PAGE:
Patio Bonito's story is one of passion for family, community, and the environment they call home. While many producer's sons and daughters move away from the family farm in search of other work and education, Carlos' daughter obtained her degree and came back to help Patio Bonito in its practices to become truly specialty coffee.  They spent years not only investing in enhancing their own growing and milling practices to achieve better results, fetch higher prices, and be in alignment with the needs of their land and environment, but they went on a mission to encourage and educate neighboring producers to do the same thing.  This has helped their surrounding community and environment immensely and has generated extra income to help propell their family and farm goals even farther forward.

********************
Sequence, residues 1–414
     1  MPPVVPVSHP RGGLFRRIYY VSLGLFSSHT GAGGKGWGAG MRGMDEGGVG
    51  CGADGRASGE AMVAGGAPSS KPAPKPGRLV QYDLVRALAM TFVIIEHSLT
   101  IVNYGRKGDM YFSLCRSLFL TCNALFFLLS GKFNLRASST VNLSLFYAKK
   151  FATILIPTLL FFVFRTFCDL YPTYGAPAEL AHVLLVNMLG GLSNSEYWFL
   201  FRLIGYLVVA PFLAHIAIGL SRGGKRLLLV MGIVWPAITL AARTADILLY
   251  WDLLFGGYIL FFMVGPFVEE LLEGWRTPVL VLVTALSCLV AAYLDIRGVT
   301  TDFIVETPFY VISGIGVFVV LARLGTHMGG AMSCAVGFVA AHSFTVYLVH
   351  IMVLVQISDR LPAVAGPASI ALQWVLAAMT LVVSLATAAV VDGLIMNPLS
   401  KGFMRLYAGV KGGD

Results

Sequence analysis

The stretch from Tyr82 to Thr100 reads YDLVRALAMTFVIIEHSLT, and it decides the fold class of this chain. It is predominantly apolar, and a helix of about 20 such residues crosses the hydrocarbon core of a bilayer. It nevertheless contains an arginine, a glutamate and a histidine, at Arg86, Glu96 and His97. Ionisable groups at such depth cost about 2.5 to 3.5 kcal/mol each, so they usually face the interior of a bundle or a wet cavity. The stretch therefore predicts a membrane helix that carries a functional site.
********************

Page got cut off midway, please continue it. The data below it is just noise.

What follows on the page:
Among the 25,000 Castillo Tambo coffee trees at Patio Bonito the family also grows all its own vegetables, many fruits, tomatoes for sale, and of course, hundreds of flowers both amongst the 5 hectares and on the patio surrounding their family home.  It's truly a Patio Bonito, and I look forward to visiting them again soon.  Please enjoy this special coffee for the 6 weeks we have it in the shops!

Tags: Coffee

Coffee: Colombia Finca El Progreso

by Wesley Russell | | 0 comments